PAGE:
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Wed, Dec 29, 2004 - Page 12 News List

Sichuan Changhong announces significant losses

MONEY PROBLEMS The TV maker said it would report its first ever loss, mainly on the financial woes of its biggest US customer, California-based Apex Digital

NY TIMES NEWS SERVICE , BEIJING

China's biggest television exporter announced major losses yesterday stemming in part from declining sales in the US and an unfolding financial scandal involving its biggest American customer.

The exporter, the Sichuan Changhong Electric Co (四川長虹), announced earlier that it would be reporting its first ever loss, up to nearly a half billion dollars, because of unpaid accounts with Apex Digital Inc, a company in Ontario, California.

A Changhong spokesman, Liu Haizhong (劉海中), said yesterday that Apex Digital owed it US$468 million. The spokesman did not specify what period the amount covered.

Changhong estimated that it might be able to recover US$150 million and that it was making provisions to take losses on US$310 million. It also said that Apex had "suffered large losses to royalty payments, US anti-dumping measures and adverse business factors, and is experiencing considerable hardship making full payments."

The announcement of the losses followed a report in a Chinese newspaper of the detention in China of the president of Apex Digital, David Ji (季龍粉), on charges of financial fraud.

According to a report in Monday's 21st Century Business Herald, a Chinese-language newspaper, Ji was detained in Shenzhen after an investigation by the police in Sichuan Province, where Changhong is based.

Apex Digital has been a big seller of lower-price televisions, DVD players and other home entertainment products at discount retailers like Wal-Mart.

Problems with its largest customer would be the latest blow for Changhong, which has seen its sales in the US decline. Earlier this year, the US Department of Commerce imposed 25 percent tariffs placed on televisions exported to the US by Changhong and other Chinese makers after it decided they were dumping sets by selling them below a reasonable market price. Apex has also been accused of ignoring royalty payments for patented DVD technology.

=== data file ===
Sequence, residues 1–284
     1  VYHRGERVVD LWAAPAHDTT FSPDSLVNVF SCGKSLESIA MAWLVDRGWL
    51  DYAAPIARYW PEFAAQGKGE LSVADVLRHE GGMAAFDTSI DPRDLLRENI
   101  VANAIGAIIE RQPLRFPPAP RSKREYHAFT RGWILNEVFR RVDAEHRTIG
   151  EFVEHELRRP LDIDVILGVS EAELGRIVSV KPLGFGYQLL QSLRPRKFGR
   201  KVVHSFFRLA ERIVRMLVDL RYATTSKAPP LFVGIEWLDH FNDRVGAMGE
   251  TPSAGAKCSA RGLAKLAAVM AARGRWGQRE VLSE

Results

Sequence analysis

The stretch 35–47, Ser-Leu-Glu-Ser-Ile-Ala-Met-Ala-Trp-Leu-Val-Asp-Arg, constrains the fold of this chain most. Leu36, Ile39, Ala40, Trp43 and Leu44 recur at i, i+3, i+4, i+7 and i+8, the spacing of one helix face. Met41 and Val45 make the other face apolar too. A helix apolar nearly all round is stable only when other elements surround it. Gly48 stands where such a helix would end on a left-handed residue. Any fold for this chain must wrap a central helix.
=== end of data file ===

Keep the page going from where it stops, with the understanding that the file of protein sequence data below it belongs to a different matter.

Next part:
In the first half of this year, Changhong exported US$200 million in television sets, compared to US$600 million for all of last year, Liu said. In recent years, Chang-hong has made about 90 percent of the television sets China exports to the US, and Apex sold about 90 percent of Chinese-made TV's in America.

Claims of fraud abound in China's business world, but analysts said this case, because of the companies involved, has the potential to tarnish China's standing in the US electronics market.

"Lack of confidence would hurt everyone," said Richard Doherty, the research director of the Envisioneering Group, an electronics market research company in Seaford, New York.

Trading in Changhong was suspended on Monday on the Shanghai stock exchange; its stock is down 27 percent for the year.

Until recently, Ji and Apex Digital had been among the celebrated stars of China's effort to shift more of its trade from simple manufactured goods to more lucrative electronics products.

Ji, 52, was born in Jiangsu Province and moved to the US to study in 1987. He started Apex with a Taiwanese partner in 1997, along with investors from the US, Taiwan and China. Apex's low-cost products quickly became strong sellers in Wal-Mart and other stores.

But analysts said Apex's presence in the US had dimmed earlier this year because of its shrinking investment in new products and advertising. As advertising slowed, its shelf-space plummeted in recent months, said Doherty, the analyst.

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